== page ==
Good Morning Nature Seekers,
To-day I’ll go for an extended river walk, because I want my eyes to feed my mind beauty on this dicey election day. My ballot was cast on the day Santa Cruz had rally in of honor of Ruth Ginsburg, because I wanted to dedicate my vote to her. I am sure that all of you’ll have voted by 8pm today.
The other day I heard a bird utter a few subdued notes in intervals. It sounded like the bird was exercising its song. Finally I located the owner of the sound. It was a migratory WHITE-crowned SPARROW, sitting on the top of a Coyote bush, watching me. Once it decided that I was harmless, it opened and closed its beak repeatedly. Then a few ethereal notes were set free, followed by silence, which was used for further beak stretching. Watching this behavior, I was reminded that my friend, a professional singer, did exactly the same vocal cords exercise: stretch her jaw, sing a few tones, stretch the jaw some more. This went on for a while until the WHITE-crowned SPARROW felt ready to deliver its entire song that was delightful. Who knew that birds prime their vocal cords like professional opera singers?
Sometimes the river hosts an unfamiliar guest. When that happens my mind races through various possibilities: is this an unusual migratory bird that got blown off its route, is it an inland bird that got displaced or…? After examining this DUCK, I figured that it was the frolic outcome of its domestic Duck and MALLARD parents. A COOT was quite taken by the nicely pattern newcomer. It stayed close to its side and charged at any other approaching relatives. This attitude kept the black torpedo very busy since the river features over 100 COOTS. The unusual Duck paid no attention to its ‘friend’s’ activity since algae eating dominated its time.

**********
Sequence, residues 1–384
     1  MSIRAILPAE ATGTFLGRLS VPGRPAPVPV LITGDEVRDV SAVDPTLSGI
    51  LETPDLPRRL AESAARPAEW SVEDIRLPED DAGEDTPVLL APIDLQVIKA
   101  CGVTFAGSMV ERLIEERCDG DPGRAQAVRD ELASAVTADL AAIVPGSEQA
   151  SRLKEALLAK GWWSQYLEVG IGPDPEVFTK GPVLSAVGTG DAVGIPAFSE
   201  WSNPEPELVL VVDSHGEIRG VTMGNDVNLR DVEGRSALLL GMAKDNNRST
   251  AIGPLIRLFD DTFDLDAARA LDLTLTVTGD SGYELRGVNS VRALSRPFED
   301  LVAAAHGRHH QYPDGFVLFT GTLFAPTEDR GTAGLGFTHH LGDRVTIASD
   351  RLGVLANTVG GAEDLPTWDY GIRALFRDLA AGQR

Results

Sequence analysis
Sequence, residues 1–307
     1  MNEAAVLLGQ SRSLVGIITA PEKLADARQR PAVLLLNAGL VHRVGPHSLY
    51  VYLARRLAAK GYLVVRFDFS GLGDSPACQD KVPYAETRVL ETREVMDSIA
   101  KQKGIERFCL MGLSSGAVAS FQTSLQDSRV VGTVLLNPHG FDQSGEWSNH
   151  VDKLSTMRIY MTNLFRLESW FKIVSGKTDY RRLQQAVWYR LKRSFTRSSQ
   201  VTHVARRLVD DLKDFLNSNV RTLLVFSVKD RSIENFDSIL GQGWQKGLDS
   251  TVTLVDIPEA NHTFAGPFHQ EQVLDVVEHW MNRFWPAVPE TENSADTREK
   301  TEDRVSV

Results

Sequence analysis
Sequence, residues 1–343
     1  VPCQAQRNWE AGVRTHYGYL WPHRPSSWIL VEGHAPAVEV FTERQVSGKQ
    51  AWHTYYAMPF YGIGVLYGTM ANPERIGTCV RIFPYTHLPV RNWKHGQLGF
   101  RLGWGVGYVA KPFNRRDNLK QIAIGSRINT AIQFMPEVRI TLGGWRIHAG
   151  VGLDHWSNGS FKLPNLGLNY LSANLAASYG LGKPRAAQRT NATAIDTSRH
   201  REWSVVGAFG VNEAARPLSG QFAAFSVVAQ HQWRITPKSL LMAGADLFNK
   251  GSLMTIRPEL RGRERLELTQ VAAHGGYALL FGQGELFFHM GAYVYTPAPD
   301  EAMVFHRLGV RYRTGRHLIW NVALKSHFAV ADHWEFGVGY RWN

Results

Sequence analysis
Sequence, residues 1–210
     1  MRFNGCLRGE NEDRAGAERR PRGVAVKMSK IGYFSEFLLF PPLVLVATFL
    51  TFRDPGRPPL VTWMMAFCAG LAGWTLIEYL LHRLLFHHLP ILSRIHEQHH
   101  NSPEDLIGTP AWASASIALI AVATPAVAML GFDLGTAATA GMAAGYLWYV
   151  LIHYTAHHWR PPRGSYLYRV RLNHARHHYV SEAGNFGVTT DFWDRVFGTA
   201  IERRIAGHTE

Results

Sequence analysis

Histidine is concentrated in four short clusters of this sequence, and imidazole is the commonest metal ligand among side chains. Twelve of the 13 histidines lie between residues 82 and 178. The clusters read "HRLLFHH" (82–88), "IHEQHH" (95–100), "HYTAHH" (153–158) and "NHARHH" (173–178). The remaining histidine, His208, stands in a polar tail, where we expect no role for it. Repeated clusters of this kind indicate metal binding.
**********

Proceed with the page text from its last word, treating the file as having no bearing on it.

Well, that was a good reminder! My friend & I took a bird watching walk along the river. I got absorbed with watching a COOT walk on top of the algae as if it was solid ground. Out of the corner of my eye I saw a smaller bird walk on the algae. I dismissed it as a BREWER’S BLACKBIRD, who frequent algae surfaces. My friend paid better attention to that bird and greatly pleased identified it as a shy, elusive SORA, who harvest floating vegetation. Obviously I was due to be reminded: never dismiss a bird with a brief glimpse, thinking that I identified it correctly. We were both elated to discover the secretive waterbird! We also saw the BUFFLEHEADS and RUDDY DUCKS, whose return I had celebrated the evening before. You can check our e-bird list to find out, who else we saw.
The other morning approx. 40 CANADA GEESE rounded the river bend, slowed down, took a look at the BUFFLEHEAD flock, lined up in a formation and swam at a fast clip towards the white and black dots on the water. The BUFFLEHEADS stopped in their water tracks and watched the approach of the formidable flotilla. 2 BUFFLEHEAD males peeled away from the group and slowly swam towards the GEESE, who slowed down. Encouraged by that result the males picked up speed, causing the big group to start turning around. Obviously the brave newbies were satisfied with their success, because they watched the GEESE ensemble depart while leisurely treading water.
Sending you all river calmness on this election day~ jane